between the and the Hebrew as well as between the traditional canonical order and the probably chronological order pp 172 173 Unless a reader is predisposed to believe that the prophets named in these collections wrote every word associated with them themselves and within the scripture itself Baruch s relationship to Jeremiah would put this assumption in doubt The Prophetic Literature An Introduction will answer many uestions point one to new directions and pull disparate ideas together. Chi as well as the Hebrew texts that describe the work and words of Israel's earlier prophets eg Elijah and Elisha in 1 2 Kin.

Summary ½ eBook, PDF or Kindle ePUB ´ David L. Petersen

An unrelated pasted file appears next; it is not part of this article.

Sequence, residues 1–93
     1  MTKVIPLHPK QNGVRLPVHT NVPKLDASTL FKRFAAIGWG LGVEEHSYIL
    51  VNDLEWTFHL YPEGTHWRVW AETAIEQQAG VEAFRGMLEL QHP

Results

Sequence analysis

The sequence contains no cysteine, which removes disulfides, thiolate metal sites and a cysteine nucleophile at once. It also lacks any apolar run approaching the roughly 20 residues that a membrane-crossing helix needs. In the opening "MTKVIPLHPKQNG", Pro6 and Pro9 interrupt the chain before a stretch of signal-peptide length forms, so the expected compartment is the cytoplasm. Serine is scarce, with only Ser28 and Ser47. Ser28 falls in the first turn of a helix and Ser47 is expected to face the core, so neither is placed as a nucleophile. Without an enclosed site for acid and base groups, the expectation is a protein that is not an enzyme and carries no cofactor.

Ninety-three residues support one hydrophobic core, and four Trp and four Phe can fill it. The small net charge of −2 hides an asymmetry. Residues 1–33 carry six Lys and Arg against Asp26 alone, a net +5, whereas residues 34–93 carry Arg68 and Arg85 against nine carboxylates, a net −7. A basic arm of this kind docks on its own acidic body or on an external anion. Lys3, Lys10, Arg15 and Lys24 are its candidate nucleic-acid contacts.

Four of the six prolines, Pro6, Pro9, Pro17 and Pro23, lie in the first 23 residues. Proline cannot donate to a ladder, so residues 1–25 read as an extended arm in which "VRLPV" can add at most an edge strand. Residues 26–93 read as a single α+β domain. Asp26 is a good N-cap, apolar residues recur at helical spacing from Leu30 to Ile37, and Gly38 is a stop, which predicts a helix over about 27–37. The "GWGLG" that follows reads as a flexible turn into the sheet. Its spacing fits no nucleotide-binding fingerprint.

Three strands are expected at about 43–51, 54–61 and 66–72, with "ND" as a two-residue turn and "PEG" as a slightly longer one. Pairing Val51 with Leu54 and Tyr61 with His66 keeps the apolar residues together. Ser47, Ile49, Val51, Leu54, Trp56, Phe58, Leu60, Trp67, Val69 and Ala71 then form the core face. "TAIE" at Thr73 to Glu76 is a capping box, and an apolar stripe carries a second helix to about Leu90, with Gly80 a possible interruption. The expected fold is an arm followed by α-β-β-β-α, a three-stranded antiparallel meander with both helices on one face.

Prophetic Literature An IntroductionBook Review The Prophetic Literature An IntroductionBy David L Petersen This volume is intended to introduce biblical prophetic literature With this clear beginning statement of the Preface David Petersen sets out his plan to introduce the serious bible student to the Bible from a literary point of view From the title alone one may conclude that the book is about the literature of Old Testament prophecy rather than the prophets themselves It is his desire therefore to introduce the reader to the intricacies of the literature especially as it relates to literary manifestations including prose and poetry not necessarily the truth contained therein Petersen begins his work with a rather lengthy introduction From the first paragraph Petersen makes it clear to the reader that from his analysis of prophetic literature many problems exist As we will see throughout the text Petersen outlines many areas that cause him and certain other scholars who engage in such form criticism difficulty To assist the reader in understanding the context of the book Petersen defines prophetic literature as literature that attests to or grows out of the activity of Israel s prophets p 4 From this seemingly simple definition complexity is offered as Petersen explains that prophetic literature in his view is not ust the prophecies themselves but any writings about the prophet by which the prophecy came whether written by himself or another poetry or prose Petersen goes on to explain in detail how the reader should view a prophet of Old Testament literature as well as the diversity in titles and roles that are found throughout Regardless of the diversity Petersen sees the one element common to all prophets p 7 in their functionality This functionality being in their role as intermediaries between the human and divine p 7 Beyond these pivotal definitions Petersen spends time on the historical setting of prophetic literature He explains that these intermediaries began their work at the time that Israel adopted statehood as its form of government p 8 and concluded their work around the time that Judah was destroyed Staying true to what appears to be form criticism Petersen goes on to elucidate on the social setting of Old Testament prophecy He explains that a common message for prophecy revolved around the fair treatment of those who in that time were most likely incapable of protecting themselvesRounding out his introduction Petersen deals with the Problems with Prophecy Prophetic Literature in the Ancient Near East Literary Perspectives and many other topics that he believes sets the stage to discuss introduce the prophetic Literature of the Old Testament It would behoove us to overview at least Petersen s thoughts on literary perspectives since this seems to be a major focus throughout the book Although Petersen seems disappointed with categorizing prophetic literature into prose stories and poetry speeches he apparently finds the need to do so despite the challenges To help break down prophetic literature into these two units or genres Petersen defines prose accounts through seven separate but identifiable categories and poetry speech by its rules and features To Petersen it is certainly important to know the literature is built in order to fully understand it Lastly in "His Introduction Petersen Reviews Theological "introduction Petersen reviews Ethical Issues as it relates to the literature that was created by or about Old Testament prophets Simply put Petersen explains that prophetic literature was not created to be simply history rather it was created with theological intent With the introduction behind us Petersen takes most of the rest of the book to delve into the Books of Isaiah Jeremiah Ezekiel and the twelve minor prophets as a single unit With the three Major Prophets Petersen unfolds the literature from a historical literary oracular and theological perspective As he turns to the minor prophets he pulls them together as a unit in the Book of the twelve Although he gives brief discussion of each book individually he is able to describe how these books can be and have been seen as one Throughout the chapters on both major and minor prophets Petersen uses references from other scholars to explain different perspectives on the literature however he also provides his own insights when it seems pertinent to do so Once again one focus that is uite apparent throughout the text of this prophetic language is the discussion of prose and poetry Petersen also seems to compare and contrast certain features of one prophet from another uite often Petersen concludes his book outside of the Epilogue with a discussion of prophetic literature that is not contained in the prophetic books as what has previously been described This chapter discusses prophets and prophetic language that occurs throughout the Hebrew Bible Here he discusses in detail Moses who acted as a prophet as well as others such as Abraham Aaron Miriam Elijah and Elisha Petersen does draw some lines in the sand on whether or not some of these individuals should be considered prophets considering the typical understanding of who a prophet is regardless he draws some interesting conclusions about these individuals and even some non Israelite prophets as well Petersen provides many scholarly opinions on why this prophetic literature exists and how it came to be Throughout this review only a brief overview has been provided on what the book discusses It seems appropriate then to ask whether or not the author accomplished the task he set out to accomplish as well as the perceived strengths and weaknesses of the book itself Opinions of the book itself aside for the time being I would say that the author accomplished what he set out to do In his Preface he outlined that his intent was to introduce biblical prophetic literature without focus on chronology or history of prophecy or prophetic literature He explains further in the Preface that the first chapter would be devoted to the nature of prophetic literature definitions of important terms the concept of prophecy as a diverse phenomenon and the genre of literature as in the forms of either poetry or prose It is uite an undertaking to address each of these concepts in a single chapter however Petersen seems to give somewhat concise backing for each of the topics Further into the Preface Petersen explains that he will focus on four major biblical bo. Respected scholar David Petersen provides a systematic and comprehensive introduction to the prophetic literature Petersen ta. Oks Isaiah Jeremiah Ezekiel and the Book of the Twelve To focus in on these books he says that he will basically look at each book through three different sets of lenses These lenses being historical and social context literary features and theological issues however in the chapters of the book he seems to add oracles as one set of lenses he chooses to pear through even though he does not seem to mention this in the Preface Once again I believe that Petersen explains very clearly what he intends to accomplish and then systematically does so Regarding the strengths of the book I would say that the thing that stands out most in my mind is that he really does offer a pretty balanced point of view on most of the topics He is obviously very well read and seems to reference other scholars opinions and views than he provides his own at times It seemed at places that he was in essence writing a synopsis of the views that are held on Old Testament prophecy rather than a book of his own insights which one might expect Although one could certainly argue that this is a weakness of the book I would say that this style offers some degree of credibility considering how many ideas of different scholars were presented The next greatest strength that I see in the book is the structured and consistent format that he used By breaking up the chapters into historical literary oracular and theological subheadings it made the book easier to anticipate and keep in context what was being discussed Further strengths of the book included his focus on other prophecies or prophets that were not contained in the books of the prophets per say The time that he spent on characters such as Moses Elisha and Elijah were some of the most interesting components to this writer The concepts of text criticism are new to this writer from the current class through which this reading has been assigned however from the information provided it seems clear that Petersen focused his time on Form Criticism but also Redaction Criticism as well I will put this in the camp of strengths for the author considering that he seems to be able to focus in on a criticism style that he wants to view the text through and then follow that plan As far as weaknesses are concerned it seems as though some of what I have considered here may be somewhat petty yet this writer still assumes that it is pertinent to the effort in understanding the book as a whole First it appears as though from the title alone this book is written as an introduction to prophetic literature I think it would be difficult to say this is introductory material Unless the student has a thorough knowledge of the texts that are being addressed as well as the history of the writing I think someone could get lost very easily The intended audience is never truly identified as far as I can remember from the text therefore it seems confusing to understand who this material would be introductory to Not only is the material very scholarly which is not necessarily a bad thing in and of itself it is written with a very high form of language Although this is not inherently bad this writer felt as though he would be served well by keeping a dictionary handy while reading Just a handful of the words that were used that in this writers opinion could have been defined clearly within the text or replaced by coherent words considering the introductory nature were Salient p xi prosaic p 28 Denkschrift p 78 obduracy p 78 ingoistic p 86 suffuses p 89 asseveration p 91 diptych p 104 pastiche p 124 cudgel p 134 coterminous p 215 and peripatetic p 227 This writer does not wish to plead ignorance in vocabulary however many of these words all of which I had to look up in the dictionary could have been replaced by words that the introductory student would understand Further weaknesses to be discussed in the text are this writers opinion and not very scholarly and should therefore most likely be thrown out however I will add them here for the purposes of this review As I read through the book I found myself writing nasty little statements in my book as though I was talking back to the author Throughout the text it seemed as though he used a lot of inflammatory language to make his points As examples the book of Jeremiah offers ambiguous evidence p 97 Never was there a less successful prophet p 121 Jeremiah 32 borders on being incoherent p 131 Although these may actually be true statements it was a real turn off to read these kinds "of comments throughout the book Considering these comments in conjunction with his constant view of authors borrowing form throughout the book Considering these comments in conjunction with his constant view of authors borrowing form another the inaccuracy of the authors and explanation of how texts were continually added to and changed for various reasons really gave me a negative view of the book overall I had to continually remind myself that he was not really writing a commentary on these prophetic books that put everything in context rather he was focusing on the language and literature of these works and drawing conclusions based upon that effort Regardless it is frustrating to read books like this when the concepts of inspiration and the supernatural aren t taken into consideration For this writer books that look at biblical literature from a well rounded perspective are easier to read and understand and provide better context for ministry Once again this probably isn t the scholarly analysis desired however it is my view of the book after my readings and reflection All in all the book is most likely useful if the point of the book is only to introduce a serious bible student to the language and literature of the Bible alone however if the point of the book is to deepen the knowledge and understanding of the bible and how it is useful in ministry or application I doubt it is the best resource As "one might gather from the title The Prophetic Literature An Introduction this volume was written to function as a textbook Indeed " might gather from the title The Prophetic Literature An Introduction this volume was written to function as a textbook Indeed purchased the book for three reasons a it was written by a scholar named David L Petersen whose work I have always admired b I was looking for a textbook for an upper division elective in Old Testament Prophets for a course I anticipated teaching and c it followed my predilection for paying close attention to rhetorical literary considerations in both the structure of the books being discussed and the individual compositions within The book surpassed my expectati. Kes into account the major advances in current research as he examines both the literature of the latter prophets Isaiah Mala. ,